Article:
Oliver Stone's "W."
Special to The History Place
“I tried to be fair, balanced, and compassionate,” Director Oliver Stone told a reporter for the Chicago Sun Times shortly before the October 17th release of W.,” his bio-movie of President George W. Bush. I, for one, feel Stone, who cast Josh Brolin in the lead, has succeeded. Many on both sides of the political spectrum will disagree.
Bush haters will focus on his malapropisms, his early days of boozing and carousing, and the personal aspects of his decision to invade Iraq. They will credit Stone with depicting Bush as the blundering fool they think he is. Bush’s shrinking fan club to the right will despise Stone for those same scenes, which are many and graphic. But both sides will be wrong.
Stone, whose fondness for initials in movie titles and his willingness to fictionalize history were both evident in JFK, really does bring balance to this biography. Brolin’s Bush is boozy, brawling, and a sloppy eater to boot. But even in those early, wild years, he is a hard guy for me to dislike. When Bush finally comes to Jesus and stops drinking, his reformation is absolutely believable. Again, Bush haters on the left will laugh when Bush and his minister cum alcohol counselor (played by a corpulent Stacey Keach) pray together for the strength to stay off the Jack Daniels. But if they look a little silly to us agnostics and atheists, they never seem insincere. And if we have slid so far down the cynical slopes greased by Saturday Night Live and Letterman that we can’t respect a genuine conversion at face value, then shame on us, not them.
W. shifts back and forth between a chronicle of Bush’s ascent from a mediocre college career at Yale to his decision to make a run for the White House, and the days and weeks leading up to the fateful 2003 Iraqi incursion. While the former episodes are dominated by the clash between Bush the Elder (James Cromwell) and his eldest child, the latter is peopled by a strong cast, including Scott Glenn as Secretary of Defense Donald Rumsfeld and Richard Dreyfuss as VP Dick Cheney.
This latter aspect of the film depicts the struggle between the politicos and the intelligence agencies over what to claim about Saddam Hussein’s supposed “Weapons of Mass Destruction.” It also dramatizes the efforts of Secretary of State Colin Powell to dissuade the administration from its decision to bring down the dictator. In a pivotal scene, the cabinet seems incapable of concluding whether WMDs really exist or not. Powell appears to have stymied the stampede to Baghdad, when Cheney takes control of the meeting.
Posturing in front of a giant electronic world map, he explains what the war is really all about. You guessed it: Oil.
In a tour de force lecture, Cheney tells his colleagues what every one knows and no one really wants to admit. “We have five percent of the world’s population and we use 25 percent of the world’s resources,” he begins. Does anyone in the room imagine that the rest of the world will help us out, when we run short? That’s a rhetorical question. Cheney then gives his answer. America needs to control the Middle East.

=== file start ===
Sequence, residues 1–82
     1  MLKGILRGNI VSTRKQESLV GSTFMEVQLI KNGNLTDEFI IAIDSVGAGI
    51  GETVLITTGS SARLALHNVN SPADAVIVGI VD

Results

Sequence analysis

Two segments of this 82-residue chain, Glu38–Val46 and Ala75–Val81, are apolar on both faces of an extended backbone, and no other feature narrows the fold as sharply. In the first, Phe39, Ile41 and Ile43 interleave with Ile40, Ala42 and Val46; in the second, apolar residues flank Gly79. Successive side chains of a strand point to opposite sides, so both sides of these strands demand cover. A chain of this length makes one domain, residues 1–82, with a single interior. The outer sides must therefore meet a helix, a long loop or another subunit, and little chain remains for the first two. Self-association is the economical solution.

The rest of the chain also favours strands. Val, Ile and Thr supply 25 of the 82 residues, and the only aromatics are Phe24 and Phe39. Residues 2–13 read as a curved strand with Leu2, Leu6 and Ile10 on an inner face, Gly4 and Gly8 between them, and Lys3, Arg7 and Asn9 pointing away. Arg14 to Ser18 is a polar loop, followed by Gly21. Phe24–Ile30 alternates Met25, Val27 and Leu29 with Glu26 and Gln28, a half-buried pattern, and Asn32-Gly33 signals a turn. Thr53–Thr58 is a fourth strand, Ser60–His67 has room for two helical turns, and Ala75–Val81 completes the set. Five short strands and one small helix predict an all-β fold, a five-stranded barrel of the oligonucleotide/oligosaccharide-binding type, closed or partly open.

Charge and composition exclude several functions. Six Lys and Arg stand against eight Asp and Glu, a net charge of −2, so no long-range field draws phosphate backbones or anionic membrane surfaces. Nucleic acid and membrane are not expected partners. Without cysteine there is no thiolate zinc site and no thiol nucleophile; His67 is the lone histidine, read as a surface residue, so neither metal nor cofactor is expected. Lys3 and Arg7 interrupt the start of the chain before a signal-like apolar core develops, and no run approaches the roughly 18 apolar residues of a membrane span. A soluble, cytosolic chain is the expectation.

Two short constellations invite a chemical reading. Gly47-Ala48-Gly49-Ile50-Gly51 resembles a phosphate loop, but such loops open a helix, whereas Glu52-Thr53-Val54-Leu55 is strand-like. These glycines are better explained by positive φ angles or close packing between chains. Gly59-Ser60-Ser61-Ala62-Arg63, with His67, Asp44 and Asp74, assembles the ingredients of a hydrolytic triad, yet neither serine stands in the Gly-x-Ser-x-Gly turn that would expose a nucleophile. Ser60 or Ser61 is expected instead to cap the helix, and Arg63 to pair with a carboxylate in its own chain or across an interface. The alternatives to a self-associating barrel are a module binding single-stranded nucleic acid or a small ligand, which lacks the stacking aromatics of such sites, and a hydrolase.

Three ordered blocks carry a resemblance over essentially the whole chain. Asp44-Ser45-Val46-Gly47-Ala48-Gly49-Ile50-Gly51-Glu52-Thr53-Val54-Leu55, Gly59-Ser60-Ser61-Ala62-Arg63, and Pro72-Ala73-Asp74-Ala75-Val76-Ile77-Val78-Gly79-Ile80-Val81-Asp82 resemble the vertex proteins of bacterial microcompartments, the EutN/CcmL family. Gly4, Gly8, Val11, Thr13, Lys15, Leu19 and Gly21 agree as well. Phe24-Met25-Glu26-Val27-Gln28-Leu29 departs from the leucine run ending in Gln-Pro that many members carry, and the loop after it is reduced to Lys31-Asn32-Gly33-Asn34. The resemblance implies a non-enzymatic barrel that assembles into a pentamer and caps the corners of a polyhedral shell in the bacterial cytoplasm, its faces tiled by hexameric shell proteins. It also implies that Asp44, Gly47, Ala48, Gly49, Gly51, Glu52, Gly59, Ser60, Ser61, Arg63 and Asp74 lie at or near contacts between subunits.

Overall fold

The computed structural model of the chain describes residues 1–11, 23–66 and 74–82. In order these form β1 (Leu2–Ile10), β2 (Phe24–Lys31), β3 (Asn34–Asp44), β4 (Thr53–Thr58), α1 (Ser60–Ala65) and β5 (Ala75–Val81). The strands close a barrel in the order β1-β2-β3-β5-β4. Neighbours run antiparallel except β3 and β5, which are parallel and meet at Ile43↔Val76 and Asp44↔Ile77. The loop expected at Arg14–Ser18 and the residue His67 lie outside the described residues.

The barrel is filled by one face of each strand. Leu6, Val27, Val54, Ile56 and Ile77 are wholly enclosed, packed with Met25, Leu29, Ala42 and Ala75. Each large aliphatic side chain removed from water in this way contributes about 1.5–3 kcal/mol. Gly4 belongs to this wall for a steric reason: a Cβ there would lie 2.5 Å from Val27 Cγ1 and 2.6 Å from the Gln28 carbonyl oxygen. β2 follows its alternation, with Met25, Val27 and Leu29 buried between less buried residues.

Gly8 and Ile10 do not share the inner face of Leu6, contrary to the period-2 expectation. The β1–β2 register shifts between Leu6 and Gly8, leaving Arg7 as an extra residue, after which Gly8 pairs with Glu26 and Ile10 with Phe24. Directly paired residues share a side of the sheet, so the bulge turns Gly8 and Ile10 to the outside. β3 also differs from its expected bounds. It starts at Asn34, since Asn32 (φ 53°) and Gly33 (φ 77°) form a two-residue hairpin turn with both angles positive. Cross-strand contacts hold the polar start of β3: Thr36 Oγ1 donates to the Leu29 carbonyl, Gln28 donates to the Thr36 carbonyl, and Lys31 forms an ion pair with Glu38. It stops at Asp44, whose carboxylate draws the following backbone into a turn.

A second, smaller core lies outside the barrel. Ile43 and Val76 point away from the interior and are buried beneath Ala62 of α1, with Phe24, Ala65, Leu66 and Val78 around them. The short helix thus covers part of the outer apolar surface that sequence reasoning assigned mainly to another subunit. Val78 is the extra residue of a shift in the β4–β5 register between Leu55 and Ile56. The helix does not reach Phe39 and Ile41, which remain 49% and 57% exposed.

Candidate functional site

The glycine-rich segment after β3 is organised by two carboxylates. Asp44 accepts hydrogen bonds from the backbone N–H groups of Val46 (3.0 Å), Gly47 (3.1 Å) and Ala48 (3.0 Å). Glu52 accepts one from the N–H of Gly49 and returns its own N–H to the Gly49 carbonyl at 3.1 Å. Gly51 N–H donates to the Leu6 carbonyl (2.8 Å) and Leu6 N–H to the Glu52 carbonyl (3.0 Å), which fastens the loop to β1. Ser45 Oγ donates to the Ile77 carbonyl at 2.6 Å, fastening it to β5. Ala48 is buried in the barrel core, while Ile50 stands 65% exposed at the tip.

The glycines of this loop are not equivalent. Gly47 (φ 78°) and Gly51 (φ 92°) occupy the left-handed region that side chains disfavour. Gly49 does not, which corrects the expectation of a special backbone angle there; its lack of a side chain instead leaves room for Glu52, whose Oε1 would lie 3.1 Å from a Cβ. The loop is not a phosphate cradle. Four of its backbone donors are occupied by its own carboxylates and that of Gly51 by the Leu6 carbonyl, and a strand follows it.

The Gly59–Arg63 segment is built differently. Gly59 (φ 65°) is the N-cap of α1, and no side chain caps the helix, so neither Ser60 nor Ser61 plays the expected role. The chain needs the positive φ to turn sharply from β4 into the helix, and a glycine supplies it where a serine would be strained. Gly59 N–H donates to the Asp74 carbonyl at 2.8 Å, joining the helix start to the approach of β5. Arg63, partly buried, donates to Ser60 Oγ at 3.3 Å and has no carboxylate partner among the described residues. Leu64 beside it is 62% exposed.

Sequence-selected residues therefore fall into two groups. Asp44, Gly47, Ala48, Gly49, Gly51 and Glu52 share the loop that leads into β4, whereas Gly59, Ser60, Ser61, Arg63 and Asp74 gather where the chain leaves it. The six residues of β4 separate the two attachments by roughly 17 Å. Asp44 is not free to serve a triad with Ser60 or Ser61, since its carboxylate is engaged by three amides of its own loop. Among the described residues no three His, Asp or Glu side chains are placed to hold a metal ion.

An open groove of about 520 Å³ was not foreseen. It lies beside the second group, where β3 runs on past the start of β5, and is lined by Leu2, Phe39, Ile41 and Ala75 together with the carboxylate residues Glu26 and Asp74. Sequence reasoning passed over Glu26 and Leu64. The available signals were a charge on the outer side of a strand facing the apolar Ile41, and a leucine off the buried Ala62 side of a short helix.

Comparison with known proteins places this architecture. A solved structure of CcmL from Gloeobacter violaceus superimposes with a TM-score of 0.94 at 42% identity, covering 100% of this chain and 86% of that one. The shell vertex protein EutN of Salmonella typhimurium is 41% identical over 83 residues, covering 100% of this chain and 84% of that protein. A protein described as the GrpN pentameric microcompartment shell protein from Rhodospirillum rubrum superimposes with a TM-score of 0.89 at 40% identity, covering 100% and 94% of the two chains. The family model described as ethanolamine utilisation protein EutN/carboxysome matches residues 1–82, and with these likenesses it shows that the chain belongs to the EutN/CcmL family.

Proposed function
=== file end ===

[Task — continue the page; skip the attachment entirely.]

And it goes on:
But what is our exit strategy? -- Powell retorts.
Here’s the clincher. There is no exit strategy, Cheney replies, looking him in the eye. “We’re never leaving.”
After this lesson in “real politics,” the Vice, as Bush calls him, yields the floor to his boss. Says Bush, let’s remember it’s also all about democracy and freedom. Now let’s have a prayer to close down this cabinet meeting. Monday morning, we go into Iraq.
Stone wouldn’t be Stone without some self-indulgence. His most blatant act of poetic license is a series of short scenes in which Bush imagines himself in the Texas Rangers outfield. His part-ownership and management of that team, which in nine years made him a multi-millionaire in his own right before running for Texas governor, reflected a life-long love of the game. He tells his father he sometimes wanders alone in the outfield to center himself.
In the film’s closing scene, he’s back in that outfield, but not for reflection. He’s wearing his glove. A ball is slugged high and deep. He stares up into the night sky. He’s blinded by the stadium lights. He can’t see the ball. The ball seems to have vanished.
Is Stone suggesting that Bush and his presidency have lost their way? Is Bush, as baffled outfielder, symbolic of Bush as baffled chief executive, wondering what, if anything, his eight years in the White House mean?
I don’t know. All I can tell you is that the confused fellow, standing there wondering what happened to the baseball he hoped to catch, depriving the other team of a homerun, is not a man I was able to hate or even strongly dislike at the end of Stone’s two-and-a-half-hour epic.
Rated PG-13 for language including sexual references, some alcohol abuse, smoking and brief disturbing war images.